Posts Tagged ‘bumblefoot’

Left Turn on the Falconry Journey

January 4th, 2012

Left Turn on the Falconry Journey


Sable's Hawk Feet


Sometimes the journey takes an turn when you least expect it.  While this sideline delay isn’t completely unexpected, it is most certainly unwelcome as it takes away from the Hunting Season and all the Hunting activities.  Being sidelined for hunting injuries is bound to happen, it’s just a matter of time and luck. Sable is now laid up for about three-four weeks as we intensely care for her feet which are marred up by an encounter with an angry squirrel and an opossum.  Each time out hunting has it’s own potential for hazards and the holiday break gave us extra hunting opportunities which in turn gave extra opportunities for danger.  While late December isn’t exactly ‘the-middle-of-winter’, it is supposed to be a time when the weather is cold and the hibernating animals are, well, hibernating.  Opossums normally hibernate and are tucked away in a den or a tree-trunk somewhere sleeping away the cold winter days.  In this case, Christmas Day wasn’t exactly a cold winter day and the weather for the previous couple of weeks hadn’t been solidly cold.  In any event, an unlucky young opossum met it’s fate when it wandered off into the sticks in search of a meal and Sable was perched high in a tree overlooking those sticks.  We’ll be caring for these feet for a few weeks while we let them heal up.


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Caring for BumbleFoot

February 23rd, 2009

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 Recently I had the opportunity to learn some pre-apprentice knowledge from my sponsor by helping her with her Red-Tail.  Bumblefoot (plantar pododermatitis) is a foot disease somewhat common among captive raptors that stems from small lesions or cuts in the foot pads.  These small cuts or abrasions become infected with staphylococcus bacteria and begin to produce a swelling of the feet.  In preventing this ailment from becoming life-threatening, there are some measures that can be taken in order to ensure a speedy rec0very for your raptor.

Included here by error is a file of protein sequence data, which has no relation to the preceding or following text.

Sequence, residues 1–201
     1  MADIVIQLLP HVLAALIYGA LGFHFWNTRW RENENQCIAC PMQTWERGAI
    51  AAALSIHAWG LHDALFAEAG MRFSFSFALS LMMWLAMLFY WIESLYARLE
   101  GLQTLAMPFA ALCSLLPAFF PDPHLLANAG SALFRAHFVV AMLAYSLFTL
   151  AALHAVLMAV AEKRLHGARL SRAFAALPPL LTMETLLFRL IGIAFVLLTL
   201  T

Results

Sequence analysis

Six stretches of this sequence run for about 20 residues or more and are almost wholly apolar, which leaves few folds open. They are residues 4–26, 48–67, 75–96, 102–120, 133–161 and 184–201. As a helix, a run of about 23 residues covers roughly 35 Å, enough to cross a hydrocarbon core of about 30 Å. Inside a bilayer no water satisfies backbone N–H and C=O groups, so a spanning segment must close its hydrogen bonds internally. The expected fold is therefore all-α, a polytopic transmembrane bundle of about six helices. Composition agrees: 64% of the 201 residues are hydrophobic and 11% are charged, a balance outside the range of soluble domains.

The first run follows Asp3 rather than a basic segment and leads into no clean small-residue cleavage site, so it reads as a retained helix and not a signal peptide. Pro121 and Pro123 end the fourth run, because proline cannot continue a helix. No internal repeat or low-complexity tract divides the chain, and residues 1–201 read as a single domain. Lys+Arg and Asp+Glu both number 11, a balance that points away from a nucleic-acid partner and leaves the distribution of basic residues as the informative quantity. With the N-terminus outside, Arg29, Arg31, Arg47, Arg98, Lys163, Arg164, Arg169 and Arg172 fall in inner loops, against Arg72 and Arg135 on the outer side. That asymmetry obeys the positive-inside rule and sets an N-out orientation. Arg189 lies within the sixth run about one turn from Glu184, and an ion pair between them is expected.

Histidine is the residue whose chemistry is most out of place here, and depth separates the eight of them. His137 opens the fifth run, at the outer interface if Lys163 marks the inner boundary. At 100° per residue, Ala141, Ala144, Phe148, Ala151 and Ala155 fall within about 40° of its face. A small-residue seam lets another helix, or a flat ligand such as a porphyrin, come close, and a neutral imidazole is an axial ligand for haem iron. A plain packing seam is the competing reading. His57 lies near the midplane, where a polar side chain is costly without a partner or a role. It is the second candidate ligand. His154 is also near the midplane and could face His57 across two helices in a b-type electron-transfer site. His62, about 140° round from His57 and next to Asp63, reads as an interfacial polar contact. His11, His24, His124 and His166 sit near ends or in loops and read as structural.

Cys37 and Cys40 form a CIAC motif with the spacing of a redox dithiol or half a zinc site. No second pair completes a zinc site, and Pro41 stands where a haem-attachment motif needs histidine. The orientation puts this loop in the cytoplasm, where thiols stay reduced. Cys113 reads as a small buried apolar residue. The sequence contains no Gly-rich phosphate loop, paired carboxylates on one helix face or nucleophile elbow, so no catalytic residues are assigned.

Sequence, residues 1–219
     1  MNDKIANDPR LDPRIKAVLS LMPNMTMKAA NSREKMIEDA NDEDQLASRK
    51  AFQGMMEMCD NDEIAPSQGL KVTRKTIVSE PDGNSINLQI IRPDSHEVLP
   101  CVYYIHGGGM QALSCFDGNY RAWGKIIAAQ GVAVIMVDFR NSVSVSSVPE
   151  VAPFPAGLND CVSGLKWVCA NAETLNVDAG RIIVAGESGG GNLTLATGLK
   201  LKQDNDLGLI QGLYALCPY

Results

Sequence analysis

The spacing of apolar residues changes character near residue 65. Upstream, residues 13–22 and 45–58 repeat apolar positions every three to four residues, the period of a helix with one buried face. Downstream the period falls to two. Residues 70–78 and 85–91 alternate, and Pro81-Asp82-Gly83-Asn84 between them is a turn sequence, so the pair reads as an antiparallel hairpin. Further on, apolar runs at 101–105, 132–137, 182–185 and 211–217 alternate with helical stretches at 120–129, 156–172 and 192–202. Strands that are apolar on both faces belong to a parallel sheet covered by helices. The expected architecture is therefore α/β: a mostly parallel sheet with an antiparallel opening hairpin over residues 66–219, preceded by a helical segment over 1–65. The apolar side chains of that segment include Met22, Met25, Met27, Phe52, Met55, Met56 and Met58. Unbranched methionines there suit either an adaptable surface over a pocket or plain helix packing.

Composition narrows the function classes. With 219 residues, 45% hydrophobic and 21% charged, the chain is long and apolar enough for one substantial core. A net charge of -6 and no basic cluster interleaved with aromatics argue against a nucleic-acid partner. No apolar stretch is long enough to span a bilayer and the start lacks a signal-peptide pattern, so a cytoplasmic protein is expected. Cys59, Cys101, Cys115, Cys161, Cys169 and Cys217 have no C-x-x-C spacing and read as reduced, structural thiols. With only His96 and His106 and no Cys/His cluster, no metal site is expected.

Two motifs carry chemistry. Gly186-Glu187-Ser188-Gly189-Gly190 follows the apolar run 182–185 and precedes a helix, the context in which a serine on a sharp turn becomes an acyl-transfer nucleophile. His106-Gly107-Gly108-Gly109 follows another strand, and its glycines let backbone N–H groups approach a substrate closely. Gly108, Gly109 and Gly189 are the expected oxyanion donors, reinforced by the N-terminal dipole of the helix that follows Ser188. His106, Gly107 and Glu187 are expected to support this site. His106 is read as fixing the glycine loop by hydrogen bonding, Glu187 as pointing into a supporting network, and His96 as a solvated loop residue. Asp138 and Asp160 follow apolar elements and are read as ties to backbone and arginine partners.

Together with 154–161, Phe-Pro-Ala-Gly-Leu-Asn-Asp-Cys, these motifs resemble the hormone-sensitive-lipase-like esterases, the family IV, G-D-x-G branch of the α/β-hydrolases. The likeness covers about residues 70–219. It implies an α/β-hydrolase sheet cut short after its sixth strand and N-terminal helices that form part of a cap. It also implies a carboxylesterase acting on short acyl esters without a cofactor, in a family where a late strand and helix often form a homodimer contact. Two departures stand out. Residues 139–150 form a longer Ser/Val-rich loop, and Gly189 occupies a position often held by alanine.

1. Keep the Perches in the Mews Clean. Clean, padded perches that are free of sharp edges are essential to ensure comfort for your raptor.  It is also suggested that the perches should not be more than 18 inches high to prevent the raptor from high impact on the foot pads.

2. Clean the raptor toes, feet, and talons with an antisceptic treatment.  A regular wash and treatment can do wonders for prevention of bumblefoot before it becomes a real problem.

3. Change the bandages regularly and use an antibiotic cream (and oral antibiotics if necessary).

The purpose of this excercise had many benefits.  I got to handle a Red-Tail and that was something that I had not done before.  While not terribly intimidating, it was humbling and exciting to handle a Red-Tail.  I have nothing but the utmost respect and admiration for these raptors.  It was also a lesson in raptor health-care, as well as an inventory review for med-kit creation.

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